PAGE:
Highland Park Church (Kokomo.IN.USA)A Church Where You Can Grow. Reach. Connect. Deepen.

Church and Leadership:
Board Meeting Protocol
by Ed Vasicek
Original September 1998     Revised July 2006

At Highland Park Church, we have three boards: an elders', deacons', and deaconesses' board. In an attempt to answer long-standing requests for guidance, I am offering this account of how we elders organize and move along our board meetings. Since this is an account of how we do it and not a policy paper, please take it for what it is: suggestions that have worked well for us.

Our approach might be called a "Relaxed Parliamentary Approach." We sort of follow a few of Robert's Rules of Order in an indirect way.

Nominating Board Officers

Each board needs a chairperson and a secretary (to record minutes). It is helpful and almost necessary for the secretary to be computer-literate.

This can be a sensitive task, since we do not want to offend folks or make them feel rejected, yet we want to allow for change or variation if board members feel it is in the best interest of the board. So how do we select our Chairperson and Secretary? Sometimes several good candidates might be willing and able to serve.

Here's the best way to handle it. The current secretary takes nominations for chairperson. If the former secretary is no longer on the board, then a seasoned board member can take charge of nominations with consent from the rest of the board. Board members submit as many nominations (you may not nominate yourself) as they think appropriate. Sometimes there may be only one. The nominees should be seconded. A person may nominate more than one individual and may second more than one individual, but may only vote for one nominee. The nominees can reject the nomination, but the burden is on them to speak up if they desire to reject the opportunity.

The board members choose the officer from among the nominees either by raising a hand (while those being voted upon close their eyes) or by paper ballot. If there are more than two candidates and none receives a majority, you need to conduct a run-off election between the top two.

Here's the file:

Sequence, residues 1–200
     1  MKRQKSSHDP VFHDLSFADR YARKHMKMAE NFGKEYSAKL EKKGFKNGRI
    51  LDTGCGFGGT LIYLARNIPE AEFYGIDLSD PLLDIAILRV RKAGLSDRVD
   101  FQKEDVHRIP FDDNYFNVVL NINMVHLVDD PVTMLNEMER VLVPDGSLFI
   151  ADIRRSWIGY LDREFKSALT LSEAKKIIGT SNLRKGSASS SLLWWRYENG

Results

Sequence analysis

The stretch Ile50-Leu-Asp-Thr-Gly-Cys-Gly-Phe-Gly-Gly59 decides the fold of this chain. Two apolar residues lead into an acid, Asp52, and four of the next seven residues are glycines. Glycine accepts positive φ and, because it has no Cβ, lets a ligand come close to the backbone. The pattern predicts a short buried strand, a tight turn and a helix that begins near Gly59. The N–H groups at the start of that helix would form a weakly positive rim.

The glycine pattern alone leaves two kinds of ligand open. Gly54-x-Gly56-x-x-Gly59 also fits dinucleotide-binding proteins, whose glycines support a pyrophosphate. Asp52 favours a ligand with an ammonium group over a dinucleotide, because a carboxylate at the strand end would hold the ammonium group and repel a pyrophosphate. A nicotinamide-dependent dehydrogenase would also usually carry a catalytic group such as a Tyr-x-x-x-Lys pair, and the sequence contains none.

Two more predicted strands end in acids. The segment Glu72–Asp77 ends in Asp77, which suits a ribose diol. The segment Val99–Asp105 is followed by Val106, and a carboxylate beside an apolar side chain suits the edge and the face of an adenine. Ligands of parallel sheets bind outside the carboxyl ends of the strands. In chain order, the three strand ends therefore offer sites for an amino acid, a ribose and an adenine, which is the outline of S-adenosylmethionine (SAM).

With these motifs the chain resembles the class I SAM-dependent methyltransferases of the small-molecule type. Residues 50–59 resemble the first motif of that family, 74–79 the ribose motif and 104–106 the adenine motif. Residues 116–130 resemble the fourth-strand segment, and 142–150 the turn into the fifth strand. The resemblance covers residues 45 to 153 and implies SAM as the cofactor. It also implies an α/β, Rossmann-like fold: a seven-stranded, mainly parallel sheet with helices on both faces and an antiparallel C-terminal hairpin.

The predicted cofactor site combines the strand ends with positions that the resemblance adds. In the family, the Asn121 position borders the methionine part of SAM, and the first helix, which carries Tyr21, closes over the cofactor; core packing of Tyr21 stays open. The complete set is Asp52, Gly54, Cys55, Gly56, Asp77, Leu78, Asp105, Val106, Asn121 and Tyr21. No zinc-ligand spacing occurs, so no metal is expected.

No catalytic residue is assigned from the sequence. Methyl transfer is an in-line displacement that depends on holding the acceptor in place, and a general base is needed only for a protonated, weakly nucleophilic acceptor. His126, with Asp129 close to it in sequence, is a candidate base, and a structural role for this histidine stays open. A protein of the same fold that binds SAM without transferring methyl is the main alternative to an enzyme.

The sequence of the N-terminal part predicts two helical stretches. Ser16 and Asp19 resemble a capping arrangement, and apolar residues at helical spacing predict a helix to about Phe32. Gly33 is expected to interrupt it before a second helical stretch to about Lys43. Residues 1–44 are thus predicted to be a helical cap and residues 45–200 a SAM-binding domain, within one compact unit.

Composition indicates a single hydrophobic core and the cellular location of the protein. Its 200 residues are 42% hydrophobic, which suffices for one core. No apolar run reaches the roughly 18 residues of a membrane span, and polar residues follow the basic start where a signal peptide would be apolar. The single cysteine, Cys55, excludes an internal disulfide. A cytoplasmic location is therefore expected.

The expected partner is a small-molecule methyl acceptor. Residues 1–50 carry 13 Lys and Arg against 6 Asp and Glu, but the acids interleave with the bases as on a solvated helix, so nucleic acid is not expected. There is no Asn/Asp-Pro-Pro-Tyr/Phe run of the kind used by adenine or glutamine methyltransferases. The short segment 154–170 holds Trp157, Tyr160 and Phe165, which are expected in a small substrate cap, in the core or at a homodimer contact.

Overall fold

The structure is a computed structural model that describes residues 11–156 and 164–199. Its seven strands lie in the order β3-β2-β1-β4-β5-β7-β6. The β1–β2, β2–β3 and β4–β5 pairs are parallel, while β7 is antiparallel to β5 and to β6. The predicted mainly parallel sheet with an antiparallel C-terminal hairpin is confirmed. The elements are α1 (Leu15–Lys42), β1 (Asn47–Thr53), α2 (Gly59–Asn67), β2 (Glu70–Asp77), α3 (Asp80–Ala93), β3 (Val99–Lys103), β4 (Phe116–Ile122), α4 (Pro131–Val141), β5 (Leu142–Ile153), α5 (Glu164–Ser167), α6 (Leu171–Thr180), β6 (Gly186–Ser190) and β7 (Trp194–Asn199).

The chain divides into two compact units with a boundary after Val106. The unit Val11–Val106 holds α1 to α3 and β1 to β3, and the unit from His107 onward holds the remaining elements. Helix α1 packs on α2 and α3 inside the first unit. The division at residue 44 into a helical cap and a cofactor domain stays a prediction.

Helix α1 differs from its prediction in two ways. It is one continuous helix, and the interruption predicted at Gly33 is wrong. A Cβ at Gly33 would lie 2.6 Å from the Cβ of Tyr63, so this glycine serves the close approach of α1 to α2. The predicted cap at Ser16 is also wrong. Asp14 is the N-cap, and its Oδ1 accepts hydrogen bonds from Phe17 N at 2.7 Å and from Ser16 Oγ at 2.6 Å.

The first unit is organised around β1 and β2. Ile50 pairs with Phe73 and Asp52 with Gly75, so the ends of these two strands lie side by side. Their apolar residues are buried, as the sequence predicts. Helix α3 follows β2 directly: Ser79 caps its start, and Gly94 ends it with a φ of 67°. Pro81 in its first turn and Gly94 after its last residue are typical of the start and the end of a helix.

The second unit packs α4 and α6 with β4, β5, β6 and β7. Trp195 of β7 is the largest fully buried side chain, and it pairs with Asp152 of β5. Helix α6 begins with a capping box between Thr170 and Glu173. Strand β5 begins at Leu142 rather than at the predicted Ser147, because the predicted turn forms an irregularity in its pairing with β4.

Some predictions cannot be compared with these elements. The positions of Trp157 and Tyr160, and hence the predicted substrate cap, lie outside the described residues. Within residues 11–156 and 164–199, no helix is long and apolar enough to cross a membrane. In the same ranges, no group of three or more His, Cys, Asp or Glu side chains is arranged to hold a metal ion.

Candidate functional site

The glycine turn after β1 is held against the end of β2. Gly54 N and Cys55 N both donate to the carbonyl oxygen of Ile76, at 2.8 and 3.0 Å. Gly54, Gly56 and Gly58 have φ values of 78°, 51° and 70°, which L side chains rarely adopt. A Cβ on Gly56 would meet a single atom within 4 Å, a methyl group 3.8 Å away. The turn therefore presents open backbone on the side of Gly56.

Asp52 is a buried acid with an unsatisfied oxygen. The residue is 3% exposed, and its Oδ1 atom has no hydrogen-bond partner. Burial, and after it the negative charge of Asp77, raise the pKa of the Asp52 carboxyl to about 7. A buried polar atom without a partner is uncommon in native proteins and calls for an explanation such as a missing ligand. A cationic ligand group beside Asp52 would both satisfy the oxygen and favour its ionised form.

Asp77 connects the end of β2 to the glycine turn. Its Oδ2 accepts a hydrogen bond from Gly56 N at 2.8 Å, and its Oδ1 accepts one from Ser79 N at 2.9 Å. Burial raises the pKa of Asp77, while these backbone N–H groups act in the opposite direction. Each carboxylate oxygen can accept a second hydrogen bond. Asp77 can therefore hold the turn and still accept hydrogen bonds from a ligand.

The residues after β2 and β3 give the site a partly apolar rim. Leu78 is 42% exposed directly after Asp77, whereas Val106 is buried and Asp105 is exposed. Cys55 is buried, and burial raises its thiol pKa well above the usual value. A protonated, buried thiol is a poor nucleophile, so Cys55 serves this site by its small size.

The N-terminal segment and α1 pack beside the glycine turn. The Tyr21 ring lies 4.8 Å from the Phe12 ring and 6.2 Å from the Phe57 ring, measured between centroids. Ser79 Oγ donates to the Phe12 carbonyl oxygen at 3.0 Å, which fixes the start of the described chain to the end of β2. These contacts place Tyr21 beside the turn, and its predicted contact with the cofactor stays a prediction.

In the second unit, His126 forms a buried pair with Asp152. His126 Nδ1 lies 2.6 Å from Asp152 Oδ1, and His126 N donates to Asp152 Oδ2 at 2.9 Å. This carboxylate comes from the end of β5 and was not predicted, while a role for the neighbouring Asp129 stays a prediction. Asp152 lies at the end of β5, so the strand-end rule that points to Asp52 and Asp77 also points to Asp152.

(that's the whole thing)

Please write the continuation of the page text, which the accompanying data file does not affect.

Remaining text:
The new chairperson then leads the process of nomination for the secretary, following the above procedure. At all meetings the chairperson only votes on motions to break a tie.

The chairperson is responsible to keep the meeting organized and on track. He or she can prepare a tentative agenda if desired.

Keeping Discussion on Target

One challenge we all face on our various boards is the enjoyment of conversation not related to matters of our particular board. We elders, for example, sometimes enjoy talking over deacons' matters. Why? Because we enjoy seeing things fixed up, purchased, etc., and so we are tempted to spend time in deacons' territory. We now actively work at NOT doing this. But how do you keep a meeting on track? Here are some tips we collected from the school of hard knocks.

First, if conversation runs amuck, the chairperson may say, "I will entertain a motion on the subject." If someone makes a motion and it is seconded, focus of discussion can now center on the motion.

Second, if no motion is forthcoming or if the matter is not board domain, the chairperson may say, "If there are no objections, let's move on to the next item." It is his/her job to nudge the group back into true board matters. I have been nudged this way many times myself, and I appreciate it when things are kept on target, even if I have been the culprit leading us to a tangent. Other board members can offer a suggestion to the chair that the board move on; but it is the chairperson who must make the decision one way or the other.